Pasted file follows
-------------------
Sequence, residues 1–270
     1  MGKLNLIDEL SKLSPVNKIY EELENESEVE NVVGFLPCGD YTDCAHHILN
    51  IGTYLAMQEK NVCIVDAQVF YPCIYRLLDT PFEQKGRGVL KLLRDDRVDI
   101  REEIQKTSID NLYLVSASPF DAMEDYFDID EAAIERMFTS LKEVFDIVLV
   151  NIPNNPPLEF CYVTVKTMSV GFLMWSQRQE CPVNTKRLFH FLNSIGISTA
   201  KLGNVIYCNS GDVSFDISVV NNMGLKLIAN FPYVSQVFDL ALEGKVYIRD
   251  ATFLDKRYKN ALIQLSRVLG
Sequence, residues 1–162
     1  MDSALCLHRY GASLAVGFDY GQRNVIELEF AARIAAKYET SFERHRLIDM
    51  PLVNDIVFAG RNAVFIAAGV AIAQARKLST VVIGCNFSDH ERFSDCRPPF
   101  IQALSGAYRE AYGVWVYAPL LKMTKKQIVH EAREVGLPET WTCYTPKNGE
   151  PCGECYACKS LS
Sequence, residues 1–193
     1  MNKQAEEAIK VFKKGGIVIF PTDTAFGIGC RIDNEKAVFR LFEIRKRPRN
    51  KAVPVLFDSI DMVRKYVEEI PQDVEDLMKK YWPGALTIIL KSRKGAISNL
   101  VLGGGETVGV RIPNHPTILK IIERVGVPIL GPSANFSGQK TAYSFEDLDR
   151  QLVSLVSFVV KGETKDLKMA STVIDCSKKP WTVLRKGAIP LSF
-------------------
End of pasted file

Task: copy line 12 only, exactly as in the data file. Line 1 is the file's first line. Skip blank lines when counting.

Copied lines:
   151  PCGECYACKS LS